TWRI-MartinNA

Stream Crossing At Martin

World War I Memorial Park – North Attleborough

  • World War I Memorial Park/Harold Burns Wildlife Arboretum
  • Elmwood Street, North Attleborough, MA
  • Trailhead: 41°59’49.67″N, 71°18’51.45″W
  • Last Time Hiked: August 17, 2016
  • Approximate distance hiked: 2.2 miles
  • Fairly easy with some elevation.

 

North Attleborough’s largest park offers a zoo, playgrounds, ball fields, gardens, picnic grounds, disc golf, and about 2 miles of trails. Starting from the parking lot in the back of the park, first follow the yellow blazed trail west towards the baseball fields. Follow the tree line to the last field. The yellow blazed trail enters the woods just behind the backstop. The yellow blazed trail then winds throughout the west end of the park and the abutting Harold Burns Memorial Wildlife Arboretum. The yellow trail soon comes to the road where you want to turn right. From here follow the walking lane along the road as it sweeps to the left. Soon you will see a sign on a tree indicating the beginning of the Balancing Rock Trail. Turn here and follow the trail to see some impressive boulders. At the end of the trail turn right and follow the white blazed trail. It leads down to the power lines and turns right before entering the woods once again. Next you will catch a glimpse of the disc golf before exiting onto a stone road along another set of power lines. Stay to the right here and follow the road to its end (crossing a street as well). The now stone and gravel road turns to dirt as it bends right and into the parking lot where your car is parked.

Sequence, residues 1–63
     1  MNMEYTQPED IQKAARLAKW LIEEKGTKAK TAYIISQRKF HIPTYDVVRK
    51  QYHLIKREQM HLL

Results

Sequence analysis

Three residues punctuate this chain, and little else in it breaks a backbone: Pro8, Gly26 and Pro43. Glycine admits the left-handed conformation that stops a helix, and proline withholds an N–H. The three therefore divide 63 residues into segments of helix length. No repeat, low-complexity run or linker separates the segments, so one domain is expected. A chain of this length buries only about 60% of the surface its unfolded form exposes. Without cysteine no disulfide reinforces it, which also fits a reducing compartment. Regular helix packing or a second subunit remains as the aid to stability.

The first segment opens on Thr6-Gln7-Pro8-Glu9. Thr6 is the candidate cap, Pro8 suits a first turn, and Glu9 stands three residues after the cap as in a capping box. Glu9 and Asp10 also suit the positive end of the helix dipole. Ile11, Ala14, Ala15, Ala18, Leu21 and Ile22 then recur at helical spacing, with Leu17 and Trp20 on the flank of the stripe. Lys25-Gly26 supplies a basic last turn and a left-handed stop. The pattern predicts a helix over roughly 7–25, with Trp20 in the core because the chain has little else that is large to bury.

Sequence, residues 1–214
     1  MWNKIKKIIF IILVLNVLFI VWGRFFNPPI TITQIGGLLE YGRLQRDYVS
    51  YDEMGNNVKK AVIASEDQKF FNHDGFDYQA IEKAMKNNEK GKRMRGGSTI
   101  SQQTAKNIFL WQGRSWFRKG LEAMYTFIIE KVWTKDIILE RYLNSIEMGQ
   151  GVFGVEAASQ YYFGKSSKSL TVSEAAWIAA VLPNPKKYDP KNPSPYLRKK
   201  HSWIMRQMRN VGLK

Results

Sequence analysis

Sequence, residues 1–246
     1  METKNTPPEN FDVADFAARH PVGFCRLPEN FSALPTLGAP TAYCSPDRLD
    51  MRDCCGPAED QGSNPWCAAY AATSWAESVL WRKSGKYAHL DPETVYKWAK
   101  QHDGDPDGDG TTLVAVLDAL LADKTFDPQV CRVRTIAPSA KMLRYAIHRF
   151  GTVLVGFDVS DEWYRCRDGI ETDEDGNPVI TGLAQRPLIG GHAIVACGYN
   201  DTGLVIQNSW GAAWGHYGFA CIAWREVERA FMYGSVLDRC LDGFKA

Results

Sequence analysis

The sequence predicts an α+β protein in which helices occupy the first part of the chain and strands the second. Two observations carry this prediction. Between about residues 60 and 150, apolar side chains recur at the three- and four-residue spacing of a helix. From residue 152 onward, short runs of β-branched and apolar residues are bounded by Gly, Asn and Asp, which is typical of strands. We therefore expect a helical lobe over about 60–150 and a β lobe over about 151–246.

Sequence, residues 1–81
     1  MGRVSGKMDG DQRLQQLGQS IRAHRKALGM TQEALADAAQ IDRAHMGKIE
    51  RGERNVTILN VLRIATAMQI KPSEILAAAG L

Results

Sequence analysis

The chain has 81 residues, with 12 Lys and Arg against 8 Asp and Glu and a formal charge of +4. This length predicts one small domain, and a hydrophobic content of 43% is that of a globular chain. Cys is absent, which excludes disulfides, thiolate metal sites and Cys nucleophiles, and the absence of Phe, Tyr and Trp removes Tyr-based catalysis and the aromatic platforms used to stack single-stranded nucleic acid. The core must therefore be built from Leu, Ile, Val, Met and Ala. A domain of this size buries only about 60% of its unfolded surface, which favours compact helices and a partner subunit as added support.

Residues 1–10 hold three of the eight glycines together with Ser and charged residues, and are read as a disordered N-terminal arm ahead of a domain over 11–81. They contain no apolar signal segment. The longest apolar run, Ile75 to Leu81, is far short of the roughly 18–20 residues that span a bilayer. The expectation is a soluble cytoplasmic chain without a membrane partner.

Trail maps can be found at: World War I Memorial Park

TWRI-WWI

Balancing Rock

Ruth Rhind – North Attleborough

  • Ruth Rhind Nature Trail
  • Huntsbridge Road, North Attleborough, MA
  • Trailhead: 41°56’36.02″N, 71°22’14.80″W
  • Last Time Hiked: July 27, 2015
  • Approximate distance hiked: 0.7 miles
  • Easy with slight elevation.

Formally the Camp Shady Pines Girl Scout camp, this small parcel has a small loop trail that wanders through tall pines and offers views of Abbott Run. The trail, blazed brown with a white fleur-de-lis, heads into the woods and then turns right. After a short distance the trail loops along a small ridge above Abbott Run. There are some spur trails that lead down to the river as well. Though a short stroll, the parcel is very peaceful. I did spend a little time lingering along the shore of the river.

I did not find a trail map for the walk.

Ruth Rhind Nature Trail

Ruth Rhind Nature Trail

Chorney – North Attleborough

The Chorney Property is a series of three large fields connected by small trails. There is an information kiosk at the parking area with a map. On the map there is a suggested route to follow which totals about a mile and a half. The route follows the perimeter of each field. The first and second fields are connected by a boardwalk that crosses the Seven Mile River. At the north end of the second field is a large red horse stable. You are likely to see a horse or two here but be sure to stay on the Chorney Property as the stables are private property. The second and third field are connected by a grass cart path that passes a stone wall. In the third field the summer months may offer several rolls of hay and the shrubs along the perimeter have an abundance of berries. This area is a haven for birds. Dragonflies, grasshoppers, and butterflies are commonly seen along this walk. Hunting is allowed here. There is information about hunting season at the kiosk.

I did not find a trail map for the walk.

Rolled Hay In A Field

Rolled Hay In A Field